Why you should care
Because globalization creates strange stories.
In the Muslim quarter of one of the world’s holiest Hindu cities, Saiyyad Majid Ali is showing off his pretty crosses. They are neatly sewn into badges that also feature Russian characters and Greek and Latin lettering, and they will adorn students’ blazers at prep schools somewhere in Europe, or the caps of clergy. Ali swears that he and others in this neighborhood have made the pope’s attire, though we couldn’t reach the Vatican for comment. As he speaks, a local imam is seated on the floor of the shop, loudly plowing his way through the Koran, oblivious to the chatter and the stuff of Christ cramming the shelves.
Ali, who estimates he’s made items that have shipped to around 100 countries worldwide, belongs to a group of largely Muslim handicraftspeople — mostly men — in the city of Varanasi who continue to perform the trade of their ancestors: They are badge-makers. Ali is the fourth generation to ply this trade, and though the pay is modest, earning him the equivalent of around $30 a month, and the exacting work and poor light robbed his father of his eyesight, this stitching is in his blood. As he offers us tea and pulls out his wares, we can see, too, that he is proud of where he sits, the invisible caboose of a global supply chain.
Suresh Bhagavatula, a professor at the Indian Institute of Management, Bangalore, who has studied handicraft artisans, isn’t surprised to hear about people like Ali. “There are these huge pockets of opportunities, and people seem to identify — here’s a skill set and here’s a market,” he says, describing it as a narrative that runs counter to concerns of dissipating trades. Indeed, Ali is using the thin gold and silver-colored stitching style called zardozi, unique to Varanasi and pioneered under the Mughal Empire; it’s typical Muslim work, found also in the intricately embroidered sarees the region is famous for. The difference: In Ali’s work, the history behind the artistry might go unnoticed. He will, of course, be entirely unknown to the Chinese schoolchild who happens to wear the badge he decorated with Kanji characters and a cheery-looking book. “No one knows which artist has done this,” Ali says.
I ask if she knows what the badges say. “Of course not,” she says. “Illiterate,” calls one of the neighbors.
Here’s how the process works: Ali depends on a third-party exporter, whom he describes as Mafia-esque in its control of the market. He might sell each small item — a badge or an emblem — for about 300 rupees ($4.50). Ali thinks the middlemen, who presumably are well-positioned with language skills and global savvy, charge their foreign buyers almost 10 times that, pocketing the remainder for themselves. These exporters have been linked up with his shop since his father was in charge, or even earlier, and he has neither the inclination nor the ability, he thinks, to manage that middle step himself. Here he will remain, stitching and selling.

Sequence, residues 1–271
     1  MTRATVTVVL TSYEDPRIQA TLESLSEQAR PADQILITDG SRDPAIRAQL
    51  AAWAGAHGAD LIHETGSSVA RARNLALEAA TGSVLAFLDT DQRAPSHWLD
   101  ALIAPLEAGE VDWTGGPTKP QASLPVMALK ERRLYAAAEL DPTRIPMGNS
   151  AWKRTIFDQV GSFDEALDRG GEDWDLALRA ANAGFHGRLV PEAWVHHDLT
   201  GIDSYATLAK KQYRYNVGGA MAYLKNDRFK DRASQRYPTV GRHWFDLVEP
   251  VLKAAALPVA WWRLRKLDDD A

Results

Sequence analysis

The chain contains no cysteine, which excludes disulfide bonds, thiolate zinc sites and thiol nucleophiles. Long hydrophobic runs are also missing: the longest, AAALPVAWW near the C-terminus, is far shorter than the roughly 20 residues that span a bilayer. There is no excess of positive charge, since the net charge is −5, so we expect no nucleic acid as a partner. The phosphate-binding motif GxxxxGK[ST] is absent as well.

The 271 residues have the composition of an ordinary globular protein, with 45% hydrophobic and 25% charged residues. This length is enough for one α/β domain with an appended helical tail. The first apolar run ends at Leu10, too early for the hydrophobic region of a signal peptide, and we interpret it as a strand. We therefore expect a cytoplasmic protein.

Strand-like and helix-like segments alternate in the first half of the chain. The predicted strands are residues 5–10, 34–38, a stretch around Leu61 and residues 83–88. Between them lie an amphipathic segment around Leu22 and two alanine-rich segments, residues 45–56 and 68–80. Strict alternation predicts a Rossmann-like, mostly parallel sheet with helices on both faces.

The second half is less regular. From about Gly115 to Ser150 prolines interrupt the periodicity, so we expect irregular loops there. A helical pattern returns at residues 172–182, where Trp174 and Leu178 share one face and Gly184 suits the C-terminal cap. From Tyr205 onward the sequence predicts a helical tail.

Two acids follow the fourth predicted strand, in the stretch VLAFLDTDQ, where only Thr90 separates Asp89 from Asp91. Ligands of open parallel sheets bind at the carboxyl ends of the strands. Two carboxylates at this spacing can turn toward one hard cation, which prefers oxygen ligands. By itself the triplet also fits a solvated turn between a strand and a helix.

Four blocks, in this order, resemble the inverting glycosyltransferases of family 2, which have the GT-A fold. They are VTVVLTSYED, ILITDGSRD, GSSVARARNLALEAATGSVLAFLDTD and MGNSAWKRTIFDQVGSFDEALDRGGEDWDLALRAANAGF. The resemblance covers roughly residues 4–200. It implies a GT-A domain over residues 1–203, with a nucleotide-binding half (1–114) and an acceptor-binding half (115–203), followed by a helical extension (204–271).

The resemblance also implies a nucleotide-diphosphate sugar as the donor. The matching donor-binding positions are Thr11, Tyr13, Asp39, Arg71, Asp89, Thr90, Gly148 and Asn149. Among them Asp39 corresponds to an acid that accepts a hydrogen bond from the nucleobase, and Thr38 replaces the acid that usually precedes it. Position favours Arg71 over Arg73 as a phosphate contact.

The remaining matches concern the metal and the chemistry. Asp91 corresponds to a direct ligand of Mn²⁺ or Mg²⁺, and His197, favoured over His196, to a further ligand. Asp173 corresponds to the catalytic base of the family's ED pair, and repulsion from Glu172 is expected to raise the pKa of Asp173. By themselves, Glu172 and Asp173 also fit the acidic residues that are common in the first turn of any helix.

Across town, on the outskirts of the city, another Muslim neighborhood is filled with makers. Saree weavers work next door to the badge makers, and the middlemen operate as intercessors between the handiwork and the market. Mohammed Kamar, for one, is a former saree embroiderer who now takes orders from local shops on items including sarees and badges. He’s unwilling to say exactly how much he makes per commission, but he suggests it hovers around 10 percent of the cost of the item.
In the adjacent building, we find 55-year-old Bilkesh Fatma, who has a whole splay of badges laid out before her, the fruit of several weeks’ labor. Clearly, hers is a more local operation; most of the badges will go to prep schools in Varanasi or perhaps Delhi — nothing international here. Fatma says she makes around 20 rupees per badge — about 30 cents — and puts in 15 hours to earn about 100 rupees, or $1.50, per day. We examine the badges on display. They are emblazoned with mottoes like “Onward and upward.” “Traditional character.” “Duty, dedication, discipline.” “Remember truth.” Fatma continues to talk, listing her troubles — her children are unmarried, her husband is sick, her son wants to study but can’t. I ask if she knows what the badges say. “Of course not,” she says. “Illiterate,” calls one of the neighbors who has been eavesdropping on the front stoop.
“They give me the rules,” Fatma says, pointing to a piece of paper outlining the stitching patterns she must follow. “I just do what is there.”